Today is Friday, June 23, the 174th day of 2017 with 191 to follow.

The moon is new. Morning stars are Saturn, Neptune, Venus, Uranus, and Mercury. Evening stars are Mars, Jupiter, and Saturn.

Those born on this date are under the sign of Cancer. They include French Empress Josephine, wife of Napoleon, in 1763; pioneer sex researcher Alfred Kinsey in 1894; Alan Turing, British computer scientist, in 1912; former U.S. Secretary of State William Rogers in 1913; director/choreographer Bob Fosse in 1927; singer June Carter Cash in 1929; Finnish Nobel Peace Prize laureate Martti Ahtisaari in 1937 (age 80); U.S. Olympic gold medalist Wilma Rudolph in 1940; Metropolitan Opera conductor James Levine in 1943 (age 74); actor Ted Shackelford in 1946 (age 71); actor Bryan Brown in 1947 (age 70); U.S. Supreme Court Justice Clarence Thomas in 1948 (age 69); actor Frances McDormand in 1957 (age 60); golf Hall of Fame member Colin Montgomerie in 1963 (age 54); musician Jason Mraz in 1977 (age 40).

On this date in history:

In 1845, the Congress of the Republic of Texas agreed to annexation by the United States.

In 1865, the last Confederate holdouts formally surrendered in the Oklahoma Territory.

In 1894, the International Olympic Committee was founded in Paris.

In 1933, Japanese Emperor Hirohito, in an interview with Roy Howard of U.P., stressed the importance of friendship with the United States.

In 1947, the U.S. Congress enacted the Taft-Hartley labor act over the veto of President Harry Truman.

In 1956, Gamel Abdel Nasser was elected first president of the Republic of Egypt.

In 1985, Air India Flight 182, flying from Montreal to London, was brought down by a terrorist bomb off the coast of Ireland, killing all 329 people aboard.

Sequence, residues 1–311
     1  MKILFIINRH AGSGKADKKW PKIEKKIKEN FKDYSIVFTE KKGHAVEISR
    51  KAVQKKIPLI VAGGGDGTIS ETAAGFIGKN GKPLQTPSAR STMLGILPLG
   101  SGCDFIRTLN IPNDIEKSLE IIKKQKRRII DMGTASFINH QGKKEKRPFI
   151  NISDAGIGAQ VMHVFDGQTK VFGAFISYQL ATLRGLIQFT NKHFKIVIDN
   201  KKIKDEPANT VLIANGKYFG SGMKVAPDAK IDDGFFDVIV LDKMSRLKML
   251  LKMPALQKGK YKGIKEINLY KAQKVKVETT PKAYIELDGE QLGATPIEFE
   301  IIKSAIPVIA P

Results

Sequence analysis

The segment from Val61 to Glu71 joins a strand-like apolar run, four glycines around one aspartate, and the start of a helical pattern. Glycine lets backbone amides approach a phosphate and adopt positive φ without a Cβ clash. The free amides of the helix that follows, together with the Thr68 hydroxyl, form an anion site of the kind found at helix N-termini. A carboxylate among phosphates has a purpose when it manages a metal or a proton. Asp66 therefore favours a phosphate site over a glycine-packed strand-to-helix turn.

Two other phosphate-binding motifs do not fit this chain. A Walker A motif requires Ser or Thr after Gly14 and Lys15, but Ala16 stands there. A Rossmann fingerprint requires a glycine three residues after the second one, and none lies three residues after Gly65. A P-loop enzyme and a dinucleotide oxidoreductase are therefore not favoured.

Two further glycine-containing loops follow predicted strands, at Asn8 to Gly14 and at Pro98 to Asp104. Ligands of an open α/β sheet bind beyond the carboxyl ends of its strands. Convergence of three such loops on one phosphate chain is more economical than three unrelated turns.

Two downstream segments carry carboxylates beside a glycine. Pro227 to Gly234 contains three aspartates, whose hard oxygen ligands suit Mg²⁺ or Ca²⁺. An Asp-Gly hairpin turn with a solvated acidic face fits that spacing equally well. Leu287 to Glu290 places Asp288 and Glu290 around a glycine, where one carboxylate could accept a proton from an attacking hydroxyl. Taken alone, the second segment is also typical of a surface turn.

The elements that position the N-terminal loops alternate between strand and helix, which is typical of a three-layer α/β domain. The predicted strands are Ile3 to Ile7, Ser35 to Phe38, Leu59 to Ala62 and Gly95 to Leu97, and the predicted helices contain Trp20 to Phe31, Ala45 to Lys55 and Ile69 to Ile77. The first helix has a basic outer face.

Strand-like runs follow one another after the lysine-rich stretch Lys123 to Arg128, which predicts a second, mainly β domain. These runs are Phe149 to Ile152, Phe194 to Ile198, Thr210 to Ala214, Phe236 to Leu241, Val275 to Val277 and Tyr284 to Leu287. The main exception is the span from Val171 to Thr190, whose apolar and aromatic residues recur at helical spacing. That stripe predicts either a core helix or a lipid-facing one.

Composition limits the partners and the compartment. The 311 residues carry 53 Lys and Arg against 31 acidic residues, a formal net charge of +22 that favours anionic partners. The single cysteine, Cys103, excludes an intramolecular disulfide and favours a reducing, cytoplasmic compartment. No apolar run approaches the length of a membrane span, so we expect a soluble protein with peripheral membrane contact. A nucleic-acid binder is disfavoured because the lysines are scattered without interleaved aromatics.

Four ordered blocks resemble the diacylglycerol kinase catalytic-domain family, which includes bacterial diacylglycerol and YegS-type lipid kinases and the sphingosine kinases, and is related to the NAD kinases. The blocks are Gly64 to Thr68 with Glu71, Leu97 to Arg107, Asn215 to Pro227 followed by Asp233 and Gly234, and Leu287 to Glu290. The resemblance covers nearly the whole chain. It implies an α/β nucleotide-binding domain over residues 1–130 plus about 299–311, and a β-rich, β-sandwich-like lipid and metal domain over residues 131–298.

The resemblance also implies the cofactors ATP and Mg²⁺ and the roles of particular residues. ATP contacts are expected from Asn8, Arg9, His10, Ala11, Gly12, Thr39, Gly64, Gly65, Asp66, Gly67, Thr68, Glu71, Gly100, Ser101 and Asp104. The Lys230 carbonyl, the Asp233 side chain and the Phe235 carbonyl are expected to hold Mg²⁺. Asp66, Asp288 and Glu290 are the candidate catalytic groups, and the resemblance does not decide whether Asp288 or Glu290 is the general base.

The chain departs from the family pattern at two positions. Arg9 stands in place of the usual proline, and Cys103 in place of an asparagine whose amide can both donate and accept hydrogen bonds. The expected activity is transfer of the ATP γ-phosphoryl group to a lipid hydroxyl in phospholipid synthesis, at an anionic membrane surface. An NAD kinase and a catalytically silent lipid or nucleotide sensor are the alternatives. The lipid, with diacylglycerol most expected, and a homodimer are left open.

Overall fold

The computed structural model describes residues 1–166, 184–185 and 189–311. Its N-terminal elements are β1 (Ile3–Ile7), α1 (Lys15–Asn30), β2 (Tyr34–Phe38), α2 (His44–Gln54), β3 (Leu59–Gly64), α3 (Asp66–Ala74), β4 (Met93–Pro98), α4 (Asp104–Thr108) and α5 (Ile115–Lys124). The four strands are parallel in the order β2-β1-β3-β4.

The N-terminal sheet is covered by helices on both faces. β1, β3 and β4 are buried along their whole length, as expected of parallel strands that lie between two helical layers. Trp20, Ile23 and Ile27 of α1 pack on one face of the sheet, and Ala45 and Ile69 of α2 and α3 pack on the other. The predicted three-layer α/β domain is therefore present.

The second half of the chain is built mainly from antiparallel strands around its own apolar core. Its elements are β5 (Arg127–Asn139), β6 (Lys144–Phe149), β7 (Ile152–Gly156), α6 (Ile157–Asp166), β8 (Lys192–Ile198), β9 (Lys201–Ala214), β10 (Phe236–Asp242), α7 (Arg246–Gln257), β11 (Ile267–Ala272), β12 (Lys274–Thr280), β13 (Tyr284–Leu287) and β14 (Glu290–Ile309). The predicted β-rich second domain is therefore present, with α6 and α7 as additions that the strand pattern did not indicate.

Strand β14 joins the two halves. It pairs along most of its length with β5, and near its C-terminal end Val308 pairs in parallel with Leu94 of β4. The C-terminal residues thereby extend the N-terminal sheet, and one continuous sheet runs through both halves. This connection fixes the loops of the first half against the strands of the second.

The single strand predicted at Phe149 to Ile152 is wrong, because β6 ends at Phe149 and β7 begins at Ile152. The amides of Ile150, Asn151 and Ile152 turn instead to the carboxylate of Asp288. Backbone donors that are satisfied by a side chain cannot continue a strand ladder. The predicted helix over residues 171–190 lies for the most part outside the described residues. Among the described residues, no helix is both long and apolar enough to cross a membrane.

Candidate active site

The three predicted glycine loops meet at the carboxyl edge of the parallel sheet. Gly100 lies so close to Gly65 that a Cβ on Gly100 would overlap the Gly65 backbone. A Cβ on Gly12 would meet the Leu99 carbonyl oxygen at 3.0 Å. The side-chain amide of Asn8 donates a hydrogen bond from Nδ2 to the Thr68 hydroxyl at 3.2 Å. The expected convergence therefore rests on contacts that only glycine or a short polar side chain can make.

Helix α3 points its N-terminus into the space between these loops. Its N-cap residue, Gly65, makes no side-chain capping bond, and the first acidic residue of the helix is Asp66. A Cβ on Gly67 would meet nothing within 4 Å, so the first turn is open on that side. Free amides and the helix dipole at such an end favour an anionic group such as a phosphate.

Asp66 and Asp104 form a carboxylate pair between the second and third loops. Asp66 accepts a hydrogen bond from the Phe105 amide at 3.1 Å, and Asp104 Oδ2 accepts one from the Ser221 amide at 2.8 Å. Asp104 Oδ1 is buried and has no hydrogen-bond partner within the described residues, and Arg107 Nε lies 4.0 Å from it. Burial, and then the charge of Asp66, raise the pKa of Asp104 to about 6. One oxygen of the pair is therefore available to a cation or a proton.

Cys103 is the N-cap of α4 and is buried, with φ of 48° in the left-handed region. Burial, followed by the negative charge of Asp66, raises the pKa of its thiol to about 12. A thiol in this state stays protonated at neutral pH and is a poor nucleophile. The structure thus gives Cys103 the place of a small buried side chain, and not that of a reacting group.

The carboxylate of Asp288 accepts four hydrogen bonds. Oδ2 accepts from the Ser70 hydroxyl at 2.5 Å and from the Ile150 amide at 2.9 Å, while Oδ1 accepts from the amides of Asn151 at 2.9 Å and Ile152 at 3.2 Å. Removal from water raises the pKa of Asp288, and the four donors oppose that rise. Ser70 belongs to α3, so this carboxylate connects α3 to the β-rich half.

In 1991, the Group of Seven (G-7) industrialized democracies agreed to offer the Soviet Union associate membership in the International Monetary Fund.

In 2003, the U.S. Supreme Court upheld affirmative action in a University of Michigan case by a 5-4 vote. The high court also upheld the Children’s Internet Protection Act, under which federally funded libraries must block obscene material from computers to which minors have access.

In 2010, U.S. Army Gen. Stanley McChrystal resigned as commander of U.S. and NATO troops in Afghanistan after he and senior aides made disparaging remarks in a magazine interview about administration officials.

In 2012, the bodies of 14 people were found in a truck outside a Mante, Mexico, shopping center. Authorities said they believed the Zetas criminal organization was responsible.

In 2013, daredevil Nik Wallenda walked on a 2-inch thick cable across the Little Colorado River Gorge near the Grand Canyon in Arizona — 1,500 feet above the gorge — in just under 23 minutes.

In 2014, the World Health Organization said 350 Ebola virus deaths had been reported since March in West Africa. A doctor called it an epidemic “out of control.”

A thought for the day: “I wonder what it would be like to live in a world where it was always June.” — L.M. Montgomery

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